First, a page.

MilwFoodlovers – you are so right, doesn’t get any better. For years I had an hour’s commute to work, would drink a cup of tea while getting dressed, pick up coffee to go at a convenience store, and a paper only certain days of the week, etc. Now I live close to a bakery that makes French pastries, including a variety of filled croissants which I’m sampling my way through, and can read the paper cover to cover –
Even web-based local papers are in trouble. AOL/Huffington Post goes into towns, sets up a local website called “The Patch”, hires some local out of work journalist for like $35K per year, gives them a budget for stringers and vacation substitution, waits until the local media is out of business, then takes away the budget, hoping that the stringers will be willing to work for free by pretending that it’s something called “hyper-local” rather than a multi-billion dollar operation.
BelleReve, whenever I visit NOLA, I have a Times Picayune outside my room door.
Some nice strong coffee, some fresh OJ and perhaps a Croissant D’Or out in the courtyard to go with the paper for a nice start to the day.
How can that be substituted?
Yes, our only local paper, the Times Picayune will cut back in the Fall, to 3 times a week, Wed-Fri-Sun.
One of the joys of retirement is reading the morning paper with that first cup of coffee.
Sad news this. I feel like a dinosaur. locally the biggest movie theater chain stopped running movie times in the paper as im sure most of their audience now finds out movie times via smart phone. Don’tlike what i think the future will bring.
I like what Warren Buffet said the other day about his recent purchase of 60 some smaller daily and weekly papers.
Paraphrasing. “There are several places you can read about what’s happening in Afghanistan but your local paper is where you read about what’s going on in your town”
ken8038, I’ll probably do the same as you as the NYT still has the in depth articles I can no longer find in my local Milwaukee Sentinel. I do need local shopping info, coupons and local event news that an out of town paper can’t give me. I’ve pretty much read newspapers cover to cover from at least age 10 on and delivered them when I was a kid. My emotional attachment just won’t be satisfied on line. [:(]
I’ve been reading the NY Times online for probably 10 years. Saves paper, my hands stay clean, costs less (about $15 per month since they started charging about a year ago), and it’s always there when I’m ready (no “the truck broke down” delivery problems). I’m totally OK with it.
One thing, I use my laptop for my online newspaper reading rather than a smartphone. No squinting necessary.
I mentioned in my post above that we got our bill for six months subscription. My bride still likes to read the paper which we only get on Wed & Sun so she called the paper and complained about the price. They cut the price in half!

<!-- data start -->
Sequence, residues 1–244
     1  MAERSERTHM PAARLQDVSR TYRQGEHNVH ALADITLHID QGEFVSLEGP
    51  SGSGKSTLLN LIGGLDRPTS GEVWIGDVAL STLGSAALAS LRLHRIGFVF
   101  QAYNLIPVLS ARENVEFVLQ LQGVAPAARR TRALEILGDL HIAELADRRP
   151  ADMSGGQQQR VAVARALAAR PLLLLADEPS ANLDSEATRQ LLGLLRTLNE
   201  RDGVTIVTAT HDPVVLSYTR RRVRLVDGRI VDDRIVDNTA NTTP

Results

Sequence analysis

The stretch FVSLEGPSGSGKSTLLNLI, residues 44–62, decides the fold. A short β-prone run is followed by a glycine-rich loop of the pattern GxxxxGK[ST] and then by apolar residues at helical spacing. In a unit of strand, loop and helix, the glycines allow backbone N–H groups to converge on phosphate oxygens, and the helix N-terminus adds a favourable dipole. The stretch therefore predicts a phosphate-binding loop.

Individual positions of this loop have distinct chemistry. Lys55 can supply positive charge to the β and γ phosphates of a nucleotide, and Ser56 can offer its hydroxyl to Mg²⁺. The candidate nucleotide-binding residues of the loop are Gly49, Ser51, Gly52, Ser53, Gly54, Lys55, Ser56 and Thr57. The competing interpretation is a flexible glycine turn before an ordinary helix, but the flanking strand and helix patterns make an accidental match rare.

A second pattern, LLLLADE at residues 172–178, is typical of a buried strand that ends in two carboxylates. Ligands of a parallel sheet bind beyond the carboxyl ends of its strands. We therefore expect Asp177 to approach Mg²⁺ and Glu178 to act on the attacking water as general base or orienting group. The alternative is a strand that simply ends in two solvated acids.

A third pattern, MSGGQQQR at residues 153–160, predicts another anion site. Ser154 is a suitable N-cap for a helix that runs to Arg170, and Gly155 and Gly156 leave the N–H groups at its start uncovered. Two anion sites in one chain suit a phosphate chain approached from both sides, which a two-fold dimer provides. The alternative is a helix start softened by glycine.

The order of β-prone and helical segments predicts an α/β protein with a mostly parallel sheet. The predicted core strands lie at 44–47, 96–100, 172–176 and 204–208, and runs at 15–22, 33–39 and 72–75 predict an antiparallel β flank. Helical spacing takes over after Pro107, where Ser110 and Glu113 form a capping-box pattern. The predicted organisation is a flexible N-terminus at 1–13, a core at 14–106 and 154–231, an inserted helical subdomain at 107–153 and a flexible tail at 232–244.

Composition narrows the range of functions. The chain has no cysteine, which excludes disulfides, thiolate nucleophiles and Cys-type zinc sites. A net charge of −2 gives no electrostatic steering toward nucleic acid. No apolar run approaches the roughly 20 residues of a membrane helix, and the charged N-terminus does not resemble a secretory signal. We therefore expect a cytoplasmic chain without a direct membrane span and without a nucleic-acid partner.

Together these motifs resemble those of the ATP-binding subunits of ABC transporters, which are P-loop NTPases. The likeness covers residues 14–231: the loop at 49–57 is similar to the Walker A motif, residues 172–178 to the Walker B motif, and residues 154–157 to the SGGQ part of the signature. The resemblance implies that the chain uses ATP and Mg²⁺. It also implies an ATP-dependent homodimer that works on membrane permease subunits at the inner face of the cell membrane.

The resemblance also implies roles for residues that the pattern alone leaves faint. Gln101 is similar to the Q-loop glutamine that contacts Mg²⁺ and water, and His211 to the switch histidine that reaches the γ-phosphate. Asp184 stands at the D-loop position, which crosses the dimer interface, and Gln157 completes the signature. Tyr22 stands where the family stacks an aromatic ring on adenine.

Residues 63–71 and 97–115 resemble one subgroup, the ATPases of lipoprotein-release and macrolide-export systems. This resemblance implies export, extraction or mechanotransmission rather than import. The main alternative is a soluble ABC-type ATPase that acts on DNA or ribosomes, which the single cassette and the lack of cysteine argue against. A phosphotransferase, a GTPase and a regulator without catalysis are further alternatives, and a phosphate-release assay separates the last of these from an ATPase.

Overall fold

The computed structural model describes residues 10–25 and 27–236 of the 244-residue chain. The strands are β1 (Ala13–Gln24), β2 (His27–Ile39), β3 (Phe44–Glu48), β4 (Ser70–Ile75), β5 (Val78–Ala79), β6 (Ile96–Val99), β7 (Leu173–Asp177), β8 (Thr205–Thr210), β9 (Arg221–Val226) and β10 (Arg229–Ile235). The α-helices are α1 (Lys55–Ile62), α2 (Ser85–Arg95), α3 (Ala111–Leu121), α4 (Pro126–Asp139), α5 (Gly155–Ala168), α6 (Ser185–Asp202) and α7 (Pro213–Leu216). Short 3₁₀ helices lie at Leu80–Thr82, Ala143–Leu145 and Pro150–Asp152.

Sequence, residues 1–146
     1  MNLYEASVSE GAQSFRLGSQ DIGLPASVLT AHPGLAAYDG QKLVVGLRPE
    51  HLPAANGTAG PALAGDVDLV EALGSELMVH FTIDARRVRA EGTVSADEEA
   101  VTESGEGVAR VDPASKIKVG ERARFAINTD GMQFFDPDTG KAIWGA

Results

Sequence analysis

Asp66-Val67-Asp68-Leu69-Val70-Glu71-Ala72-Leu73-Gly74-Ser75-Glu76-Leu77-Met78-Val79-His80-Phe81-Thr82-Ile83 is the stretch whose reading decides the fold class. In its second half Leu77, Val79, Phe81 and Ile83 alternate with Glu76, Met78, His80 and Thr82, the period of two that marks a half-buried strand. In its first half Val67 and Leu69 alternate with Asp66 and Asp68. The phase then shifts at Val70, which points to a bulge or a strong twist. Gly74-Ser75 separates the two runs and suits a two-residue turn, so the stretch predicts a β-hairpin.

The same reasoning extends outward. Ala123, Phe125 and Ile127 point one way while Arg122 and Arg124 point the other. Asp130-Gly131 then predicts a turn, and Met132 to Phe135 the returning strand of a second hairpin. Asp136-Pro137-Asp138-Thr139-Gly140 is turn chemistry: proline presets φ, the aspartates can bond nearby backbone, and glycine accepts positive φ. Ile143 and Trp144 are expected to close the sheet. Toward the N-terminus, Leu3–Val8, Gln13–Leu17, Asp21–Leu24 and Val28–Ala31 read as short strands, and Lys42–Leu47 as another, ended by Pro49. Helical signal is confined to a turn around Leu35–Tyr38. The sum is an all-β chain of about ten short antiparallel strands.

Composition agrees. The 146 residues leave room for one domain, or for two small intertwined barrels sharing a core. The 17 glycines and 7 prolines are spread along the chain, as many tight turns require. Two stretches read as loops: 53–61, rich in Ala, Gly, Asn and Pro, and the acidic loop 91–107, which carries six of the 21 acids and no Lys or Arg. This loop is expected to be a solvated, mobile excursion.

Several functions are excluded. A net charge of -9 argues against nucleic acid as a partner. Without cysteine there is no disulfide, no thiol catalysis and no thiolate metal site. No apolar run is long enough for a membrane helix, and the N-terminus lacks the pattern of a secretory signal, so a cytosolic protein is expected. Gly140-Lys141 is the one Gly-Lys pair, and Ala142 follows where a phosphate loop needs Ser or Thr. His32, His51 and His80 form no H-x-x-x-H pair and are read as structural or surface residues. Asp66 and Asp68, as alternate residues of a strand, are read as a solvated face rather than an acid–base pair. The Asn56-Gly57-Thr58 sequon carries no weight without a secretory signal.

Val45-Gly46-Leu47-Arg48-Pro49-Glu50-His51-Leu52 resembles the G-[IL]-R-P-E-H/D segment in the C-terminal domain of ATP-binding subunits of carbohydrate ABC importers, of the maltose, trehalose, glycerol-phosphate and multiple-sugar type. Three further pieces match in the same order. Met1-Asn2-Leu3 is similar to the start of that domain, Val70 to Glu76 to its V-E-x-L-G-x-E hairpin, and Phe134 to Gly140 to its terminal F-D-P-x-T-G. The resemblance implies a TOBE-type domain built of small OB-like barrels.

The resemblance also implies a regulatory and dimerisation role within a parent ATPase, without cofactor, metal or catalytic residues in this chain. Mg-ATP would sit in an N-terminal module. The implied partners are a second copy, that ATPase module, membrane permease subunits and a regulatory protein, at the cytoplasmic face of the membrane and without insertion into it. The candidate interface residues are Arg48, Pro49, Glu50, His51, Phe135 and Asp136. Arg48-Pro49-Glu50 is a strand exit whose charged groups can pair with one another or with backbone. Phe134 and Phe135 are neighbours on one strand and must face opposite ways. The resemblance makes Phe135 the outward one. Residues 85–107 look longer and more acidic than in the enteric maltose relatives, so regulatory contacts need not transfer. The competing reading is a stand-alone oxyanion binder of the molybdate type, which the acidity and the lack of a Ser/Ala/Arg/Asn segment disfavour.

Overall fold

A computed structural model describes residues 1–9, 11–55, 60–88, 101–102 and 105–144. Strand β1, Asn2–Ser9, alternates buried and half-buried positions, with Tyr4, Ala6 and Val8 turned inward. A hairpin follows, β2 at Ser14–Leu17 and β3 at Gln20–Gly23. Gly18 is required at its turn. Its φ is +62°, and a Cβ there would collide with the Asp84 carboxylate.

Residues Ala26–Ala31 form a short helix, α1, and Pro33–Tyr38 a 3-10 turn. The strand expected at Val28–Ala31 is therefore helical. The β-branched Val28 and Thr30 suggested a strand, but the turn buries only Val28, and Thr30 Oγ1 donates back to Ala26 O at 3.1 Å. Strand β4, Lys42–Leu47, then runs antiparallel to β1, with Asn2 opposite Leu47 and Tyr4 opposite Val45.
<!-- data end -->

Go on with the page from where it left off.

They will do anything to keep subscribers because their audited circulation numbers are what determines their ad rates and ads pay the bills.
Call your paper and tell them you’re thinking about canceling and I’ll bet you get a lower rate or some free months!
Where I’m at, the paper is printed once a week, on Wednesday.
Same here, on Wednesdays. Good local coverage and H.S. sports scores mostly. The biggest section is the opinions pages, go figure.
If you think the Vanishing Newspapers are causing you heartburn, here’s a list of other things going the way of the DoDo Bird.
Sooner rather than later i.e. “Almost Gone List”:
Bank Deposit Slips
Incandescent Light Bulbs
Within the next 50 years or sooner:
CD’s, DVD’s, Video Game Discs, and their players
Gasoline Pumps – (Can you say Batteries & Hydrogen)
Toilet Paper -(Replaced by Toilet Seat Bidets)
Printed Road Maps
Language Barriers, (Replaced by Portable Translation Software)
Money – Bills & Coins. (By 2020 only 10% of all transactions will be in cash.)
Passwords- (Replaced by facial recognition.)
Steering Wheels -(Replaced by robotic cars)
Cursive Handwriting (4 States have already dropped it in Schools)
AARP Bulletin June 2012 Edition
I stopped subscribing to a newspaper many years ago. New was fresher and FREE online. Now I see where NYT has been charging and I bet a few more are or soon will be.
I learned to read and count at age 3-4 using a paper and my Mom. My kids did as well.
I really love my iPad but haven’t started using it for publications. I do think that will soon change though.
This is a sad, sad trend. To me one of lifes pleasures is snapping that paper open in the morning.
My primary cure, and the reason I stopped reading our local paper in about 1992, is to learn proper grammar, spelling and punctuation. When I cancelled my subscription less than a year after starting it, they asked why. I told them I cannot make myself sit down and read a newspaper I have to correct with a red pen.
Based on their online news, the problem still exists. I also notice it in local papers from other cities, so apparently it’s more widespread than just here. Only the national papers tend to have passed that part of their English education.
Some cures for papers. Make the type twice as large, drop the comics, have clever obit writers, balance the opinion, equal weight to the left, right, and middle. National and international oddball stories, folks love them!
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